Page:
Reliability & build quality

Next up: Value
5 out of 5 (5/5)

The light-swallowing hue is everywhere, from the Honda’s bodywork, fork stanchions and subframe to every millimetre of the exhaust. I normally roll my eyes at blacked-out schemes, but there’s something appealing about how the CB is shrouded in utter darkness, yet its components and profile are clearly defined. The Black Edition bikes get ‘CB’ machined into the handlebar clamp and a slick-feeling two-way quickshifter.

There is beautiful detailing on the Honda CB1000R

It’s also fabulously well-made and presented, and now has more than enough attention-grabbing technology. I think the restyle has made it better looking.

It’s a typically solid chunk of motorcycle from Honda and feels sturdy and reliable.

Value vs rivals

Next up: Equipment
3 out of 5 (3/5)

At a quid under £13k, it’s significantly cheaper than a Ducati Streetfighter V4 (£17,595) or an Aprilia Tuono (£15,500). It also undercuts the new Triumph Speed Triple RS by a couple of grand, but these machines are at the top end of the super-naked league table with a lot more horses on offer.

The Honda CB1000R's main rival is probably itself

When compared to more similar machines, let’s call them ‘softer’ nakeds, the Black Edition doesn’t look quite such good value for money. Yamaha’s faster, growlier, equally usable MT-10 is £500 less and Suzuki’s Katana is £11,499. But you could just go for the base-model CB1000R Candy Chromosphere Red at eleven-and-a-half or so instead…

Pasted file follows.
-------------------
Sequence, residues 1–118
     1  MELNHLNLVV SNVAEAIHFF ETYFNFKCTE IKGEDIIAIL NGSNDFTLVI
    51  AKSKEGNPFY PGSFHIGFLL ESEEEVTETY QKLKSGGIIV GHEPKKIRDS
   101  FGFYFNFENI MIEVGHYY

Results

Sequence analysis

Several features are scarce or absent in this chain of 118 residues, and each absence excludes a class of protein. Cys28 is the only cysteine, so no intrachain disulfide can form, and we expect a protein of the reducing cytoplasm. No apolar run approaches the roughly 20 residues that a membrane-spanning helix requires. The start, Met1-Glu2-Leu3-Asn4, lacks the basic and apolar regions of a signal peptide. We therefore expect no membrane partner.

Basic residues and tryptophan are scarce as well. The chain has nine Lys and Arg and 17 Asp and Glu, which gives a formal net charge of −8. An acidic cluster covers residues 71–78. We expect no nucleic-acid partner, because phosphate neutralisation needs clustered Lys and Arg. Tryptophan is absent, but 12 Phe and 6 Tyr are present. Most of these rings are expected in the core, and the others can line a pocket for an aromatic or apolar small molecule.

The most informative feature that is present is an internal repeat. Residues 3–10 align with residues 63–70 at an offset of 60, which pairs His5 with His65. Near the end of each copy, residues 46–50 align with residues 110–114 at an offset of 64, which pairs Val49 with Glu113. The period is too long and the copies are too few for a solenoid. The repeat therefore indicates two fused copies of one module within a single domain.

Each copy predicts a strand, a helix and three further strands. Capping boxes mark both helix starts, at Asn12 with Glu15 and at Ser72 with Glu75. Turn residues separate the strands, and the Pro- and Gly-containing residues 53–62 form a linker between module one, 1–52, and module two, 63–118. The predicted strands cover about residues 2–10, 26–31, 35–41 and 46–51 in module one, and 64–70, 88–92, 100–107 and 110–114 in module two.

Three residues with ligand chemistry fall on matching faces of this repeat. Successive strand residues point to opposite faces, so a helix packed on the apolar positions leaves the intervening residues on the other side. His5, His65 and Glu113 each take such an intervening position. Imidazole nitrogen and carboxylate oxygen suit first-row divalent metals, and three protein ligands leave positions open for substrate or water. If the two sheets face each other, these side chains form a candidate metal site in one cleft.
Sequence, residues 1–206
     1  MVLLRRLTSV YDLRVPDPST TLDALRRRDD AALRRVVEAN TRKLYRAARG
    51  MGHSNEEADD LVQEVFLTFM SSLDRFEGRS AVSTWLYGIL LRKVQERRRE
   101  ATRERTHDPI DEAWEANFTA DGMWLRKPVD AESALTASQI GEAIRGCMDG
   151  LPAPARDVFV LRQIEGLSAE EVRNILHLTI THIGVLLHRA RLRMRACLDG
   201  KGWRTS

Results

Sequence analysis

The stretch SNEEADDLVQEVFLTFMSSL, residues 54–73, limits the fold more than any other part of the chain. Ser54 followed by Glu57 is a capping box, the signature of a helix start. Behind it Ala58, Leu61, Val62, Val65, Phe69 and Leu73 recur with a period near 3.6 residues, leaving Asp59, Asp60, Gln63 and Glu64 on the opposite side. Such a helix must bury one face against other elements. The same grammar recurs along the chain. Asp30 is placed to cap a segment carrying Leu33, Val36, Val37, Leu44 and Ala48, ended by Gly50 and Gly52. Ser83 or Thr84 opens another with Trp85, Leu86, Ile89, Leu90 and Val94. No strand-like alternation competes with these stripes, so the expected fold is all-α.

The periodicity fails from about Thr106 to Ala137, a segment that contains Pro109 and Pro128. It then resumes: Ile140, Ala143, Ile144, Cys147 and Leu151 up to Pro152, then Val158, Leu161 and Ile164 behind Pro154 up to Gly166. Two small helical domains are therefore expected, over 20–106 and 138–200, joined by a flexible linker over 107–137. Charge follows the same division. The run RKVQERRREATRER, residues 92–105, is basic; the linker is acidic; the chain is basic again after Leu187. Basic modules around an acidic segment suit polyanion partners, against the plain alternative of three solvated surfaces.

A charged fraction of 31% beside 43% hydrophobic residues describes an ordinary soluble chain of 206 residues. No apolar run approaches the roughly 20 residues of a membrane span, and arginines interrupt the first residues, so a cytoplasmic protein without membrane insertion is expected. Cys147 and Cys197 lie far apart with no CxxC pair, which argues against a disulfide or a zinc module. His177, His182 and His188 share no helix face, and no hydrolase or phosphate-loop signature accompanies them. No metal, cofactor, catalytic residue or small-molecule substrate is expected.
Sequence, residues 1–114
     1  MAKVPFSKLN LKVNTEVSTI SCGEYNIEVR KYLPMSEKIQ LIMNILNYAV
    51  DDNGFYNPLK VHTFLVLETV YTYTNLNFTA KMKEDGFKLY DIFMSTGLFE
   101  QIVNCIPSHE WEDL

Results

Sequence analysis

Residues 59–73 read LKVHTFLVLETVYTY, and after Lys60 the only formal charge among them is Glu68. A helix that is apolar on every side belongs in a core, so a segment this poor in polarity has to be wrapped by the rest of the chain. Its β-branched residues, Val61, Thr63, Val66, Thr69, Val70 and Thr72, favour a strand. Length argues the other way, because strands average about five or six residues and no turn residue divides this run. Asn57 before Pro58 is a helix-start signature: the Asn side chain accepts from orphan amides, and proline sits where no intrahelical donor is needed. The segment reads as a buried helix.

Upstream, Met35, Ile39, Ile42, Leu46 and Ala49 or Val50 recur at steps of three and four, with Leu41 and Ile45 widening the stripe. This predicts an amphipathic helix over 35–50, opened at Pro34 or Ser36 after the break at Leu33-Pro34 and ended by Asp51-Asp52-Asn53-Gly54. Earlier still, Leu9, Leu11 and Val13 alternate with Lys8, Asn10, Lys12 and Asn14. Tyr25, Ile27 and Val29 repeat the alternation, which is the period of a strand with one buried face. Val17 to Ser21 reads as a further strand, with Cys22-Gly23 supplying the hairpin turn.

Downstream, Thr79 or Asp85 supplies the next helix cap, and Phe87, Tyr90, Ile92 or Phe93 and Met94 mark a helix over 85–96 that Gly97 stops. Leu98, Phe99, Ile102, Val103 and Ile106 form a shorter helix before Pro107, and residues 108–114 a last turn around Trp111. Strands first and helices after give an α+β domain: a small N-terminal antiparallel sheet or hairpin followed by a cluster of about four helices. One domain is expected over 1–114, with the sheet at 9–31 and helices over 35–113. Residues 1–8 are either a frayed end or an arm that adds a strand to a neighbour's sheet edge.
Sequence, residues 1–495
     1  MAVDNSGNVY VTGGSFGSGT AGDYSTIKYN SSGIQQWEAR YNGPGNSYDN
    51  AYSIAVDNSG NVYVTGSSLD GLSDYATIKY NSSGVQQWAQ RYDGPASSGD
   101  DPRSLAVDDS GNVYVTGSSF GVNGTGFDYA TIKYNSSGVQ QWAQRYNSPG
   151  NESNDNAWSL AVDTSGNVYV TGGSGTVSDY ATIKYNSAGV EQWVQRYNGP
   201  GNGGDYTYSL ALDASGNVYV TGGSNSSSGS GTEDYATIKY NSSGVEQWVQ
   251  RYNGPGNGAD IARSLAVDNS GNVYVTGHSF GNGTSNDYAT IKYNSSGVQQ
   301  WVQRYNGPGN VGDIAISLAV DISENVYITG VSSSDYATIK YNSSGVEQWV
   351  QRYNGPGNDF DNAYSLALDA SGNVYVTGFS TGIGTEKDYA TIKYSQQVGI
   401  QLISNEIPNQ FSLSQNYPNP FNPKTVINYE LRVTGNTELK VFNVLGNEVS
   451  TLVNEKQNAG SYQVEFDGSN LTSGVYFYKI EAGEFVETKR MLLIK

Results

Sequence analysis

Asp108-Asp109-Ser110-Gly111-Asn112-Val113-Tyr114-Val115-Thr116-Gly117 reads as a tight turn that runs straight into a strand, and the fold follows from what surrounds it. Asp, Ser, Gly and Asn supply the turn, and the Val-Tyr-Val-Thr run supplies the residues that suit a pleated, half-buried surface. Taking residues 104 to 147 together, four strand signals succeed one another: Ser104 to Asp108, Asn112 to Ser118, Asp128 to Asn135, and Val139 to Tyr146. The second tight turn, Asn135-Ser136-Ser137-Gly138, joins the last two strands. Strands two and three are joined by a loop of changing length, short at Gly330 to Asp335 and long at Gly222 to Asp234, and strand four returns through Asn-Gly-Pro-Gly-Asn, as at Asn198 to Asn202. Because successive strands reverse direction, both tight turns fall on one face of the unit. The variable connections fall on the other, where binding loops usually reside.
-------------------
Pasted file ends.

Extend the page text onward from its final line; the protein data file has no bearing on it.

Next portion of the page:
Weird that its main rival is, kind of… itself!


4 out of 5 (4/5)

There are four riding modes (Sport, Standard, and the customisable Rider mode) linked to three levels of traction, engine braking and engine power.

The updated CB also has a 5in colour TFT display. The same as used on the revised X-ADV and Forza 750, it has oodles of info available on four layout choices – and can be controlled with speech operation.

Download an app, connect an intercom, and you can use your voice to dictate messages, make phone calls, control music, ask about the weather forecast, or get navigation. A panel on the right-side of the display shows what’s going on and gives turn-by-turn directions.

Honda CB1000R clocks

The traction control allows graceful power wheelies in Sport mode, but just as you feel like a superhero it suddenly jumps in and cuts the power – BANG. It’s then a couple of seconds before the engine will pull or rev properly. The fastest starts actually come with the TC set to full, when the CB1000R just stays level and zips off.